Comprehensive Exams and Thesis

Comprehensive Exams

1. Comprehensive exams (comps) are required in two fields, with 1 to 3 written essays
(take---home essays) in each field and an oral defense. Fields in which our students generally
take exams include Latin American Studies as well as anthropology, art, Chicana/o and
Latina/o Studies, education, history, literature/Spanish, music, political science, sociology,
and women, genders, and sexuality studies.

2. LAS graduate students planning on taking the comprehensive exams should form a
committee of two CalStateLA faculty members. Students should work closely with these
faculty members during their classwork and, when available, take a 5000 level seminar
in their chosen areas of study.

3. Students may take the comprehensive exams during the last semester in which they are
enrolled in classes or after they complete all coursework in their program. It is
recommended that students take the comprehensive exams as soon after finishing their
coursework as possible. Exams are offered in the fall and spring semesters.

4. Students need to submit the COMPS form to the Director with the appropriate
signatures by the end of week one of the semester in which they will take their exams.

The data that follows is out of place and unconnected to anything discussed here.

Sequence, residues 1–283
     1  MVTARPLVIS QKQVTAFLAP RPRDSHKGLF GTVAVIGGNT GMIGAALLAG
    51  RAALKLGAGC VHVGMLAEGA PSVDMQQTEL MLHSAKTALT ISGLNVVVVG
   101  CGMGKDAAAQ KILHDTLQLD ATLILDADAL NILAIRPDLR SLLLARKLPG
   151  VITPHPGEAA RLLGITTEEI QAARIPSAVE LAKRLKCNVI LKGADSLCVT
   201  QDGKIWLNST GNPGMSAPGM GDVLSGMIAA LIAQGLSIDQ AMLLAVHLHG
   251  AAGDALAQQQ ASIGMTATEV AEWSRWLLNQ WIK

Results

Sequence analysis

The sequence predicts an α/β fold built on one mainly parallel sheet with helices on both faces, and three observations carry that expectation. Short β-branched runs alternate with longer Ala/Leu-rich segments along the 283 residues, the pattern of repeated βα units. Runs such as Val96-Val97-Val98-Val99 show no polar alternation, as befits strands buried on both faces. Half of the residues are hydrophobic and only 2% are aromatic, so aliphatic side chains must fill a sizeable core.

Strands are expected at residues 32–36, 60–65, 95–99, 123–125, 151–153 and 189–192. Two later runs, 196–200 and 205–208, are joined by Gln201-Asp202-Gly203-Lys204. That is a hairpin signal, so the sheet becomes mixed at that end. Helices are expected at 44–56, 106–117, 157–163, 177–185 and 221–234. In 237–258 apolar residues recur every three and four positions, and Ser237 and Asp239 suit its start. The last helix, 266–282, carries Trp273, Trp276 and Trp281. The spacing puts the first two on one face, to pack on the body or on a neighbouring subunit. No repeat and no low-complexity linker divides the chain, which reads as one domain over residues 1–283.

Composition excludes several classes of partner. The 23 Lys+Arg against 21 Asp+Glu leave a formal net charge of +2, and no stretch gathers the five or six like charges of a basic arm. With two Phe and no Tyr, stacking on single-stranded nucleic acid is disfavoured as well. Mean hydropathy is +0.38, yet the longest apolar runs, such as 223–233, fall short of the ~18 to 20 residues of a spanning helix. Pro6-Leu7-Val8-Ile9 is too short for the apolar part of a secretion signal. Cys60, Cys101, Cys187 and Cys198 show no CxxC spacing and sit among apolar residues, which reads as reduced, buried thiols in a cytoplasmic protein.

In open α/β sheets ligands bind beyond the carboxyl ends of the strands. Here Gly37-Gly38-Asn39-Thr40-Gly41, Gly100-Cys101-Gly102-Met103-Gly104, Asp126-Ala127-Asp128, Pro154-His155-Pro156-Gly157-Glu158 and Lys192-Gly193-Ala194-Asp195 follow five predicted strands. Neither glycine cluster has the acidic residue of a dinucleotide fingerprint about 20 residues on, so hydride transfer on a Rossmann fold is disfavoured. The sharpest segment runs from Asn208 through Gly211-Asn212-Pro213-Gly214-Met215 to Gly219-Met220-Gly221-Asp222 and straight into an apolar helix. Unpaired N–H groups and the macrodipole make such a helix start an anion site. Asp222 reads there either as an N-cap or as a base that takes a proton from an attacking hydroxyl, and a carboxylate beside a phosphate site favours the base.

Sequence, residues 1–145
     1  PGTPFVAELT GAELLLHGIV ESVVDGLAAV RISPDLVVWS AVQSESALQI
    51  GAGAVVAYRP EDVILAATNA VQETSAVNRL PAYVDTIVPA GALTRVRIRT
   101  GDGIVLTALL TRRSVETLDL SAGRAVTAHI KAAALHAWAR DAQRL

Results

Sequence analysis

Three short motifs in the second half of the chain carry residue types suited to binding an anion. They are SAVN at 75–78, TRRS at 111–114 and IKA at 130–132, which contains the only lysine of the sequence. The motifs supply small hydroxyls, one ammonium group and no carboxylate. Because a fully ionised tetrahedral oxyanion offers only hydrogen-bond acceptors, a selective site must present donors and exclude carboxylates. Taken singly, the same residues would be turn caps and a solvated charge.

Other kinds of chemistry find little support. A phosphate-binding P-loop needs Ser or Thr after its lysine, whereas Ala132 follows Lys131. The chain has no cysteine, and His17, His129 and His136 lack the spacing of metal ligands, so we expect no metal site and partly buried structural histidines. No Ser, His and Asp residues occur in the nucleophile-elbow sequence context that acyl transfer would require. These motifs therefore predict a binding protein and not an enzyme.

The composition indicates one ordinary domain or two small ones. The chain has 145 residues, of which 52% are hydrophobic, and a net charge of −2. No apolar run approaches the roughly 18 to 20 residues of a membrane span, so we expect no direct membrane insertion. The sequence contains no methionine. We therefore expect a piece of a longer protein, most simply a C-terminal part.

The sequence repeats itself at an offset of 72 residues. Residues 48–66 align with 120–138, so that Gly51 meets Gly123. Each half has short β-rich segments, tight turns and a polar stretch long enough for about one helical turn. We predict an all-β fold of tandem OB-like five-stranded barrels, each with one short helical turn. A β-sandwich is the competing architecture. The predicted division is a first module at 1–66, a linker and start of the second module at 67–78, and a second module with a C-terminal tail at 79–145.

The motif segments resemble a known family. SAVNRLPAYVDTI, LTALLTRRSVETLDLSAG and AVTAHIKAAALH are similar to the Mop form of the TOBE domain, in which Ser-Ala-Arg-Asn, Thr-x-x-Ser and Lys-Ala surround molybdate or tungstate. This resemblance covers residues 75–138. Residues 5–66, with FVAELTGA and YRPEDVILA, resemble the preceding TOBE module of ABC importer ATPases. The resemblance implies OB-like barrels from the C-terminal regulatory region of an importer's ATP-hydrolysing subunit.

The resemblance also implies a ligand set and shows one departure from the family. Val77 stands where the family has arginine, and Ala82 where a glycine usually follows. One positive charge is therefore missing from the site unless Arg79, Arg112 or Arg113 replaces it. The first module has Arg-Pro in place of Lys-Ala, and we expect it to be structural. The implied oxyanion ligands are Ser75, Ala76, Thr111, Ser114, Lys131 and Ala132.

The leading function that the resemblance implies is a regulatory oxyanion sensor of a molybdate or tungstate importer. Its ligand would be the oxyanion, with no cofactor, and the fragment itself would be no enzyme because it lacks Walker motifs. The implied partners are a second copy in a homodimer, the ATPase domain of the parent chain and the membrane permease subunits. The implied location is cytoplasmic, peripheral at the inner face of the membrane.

The Director will issue a permit to register for LAS 5960 once s/he receives the completed
form. Students will then register for LAS 5960 no later than the campus add deadline.

5. Each faculty member in the committee will design a set of questions (usually 1---3) and
help students develop a comprehensive reading list (usually between 8---10 books).
Students should have their questions and reading list for each field by the end of week
two in which they plan to take the exams.

6. Students are encouraged to work closely with each faculty member during the
semester in which they take their exams (if not before) and must solicit and respond to
faculty feedback. Students cannot contact their examiners after Monday of week
11 of the semester in which they are taking the exams.

7. For each field, the exam will usually consist of 15---20 typed, double---spaced pages
(although the length and format may change according to the discipline) and should
include a clear system of citation and a bibliography. Students are encouraged to edit
their papers carefully, as final copies should be as polished as possible.

8. Students have until 5:00 P.M on the Wednesday of week 14 of the semester to
submit answers via email ( or hard copy (typed) to the Latin
American Studies office (KH B3006).

9. If students are unable to finish the exams on time, they need to drop LAS 5960 before
the campus drop deadline and immediately inform the Director.

10. The written exams are followed by an oral examination, usually in week 15 of the
semester or during final examinations week. The Program Director will schedule the
date and time of the oral exam. During the oral exam, each faculty member on the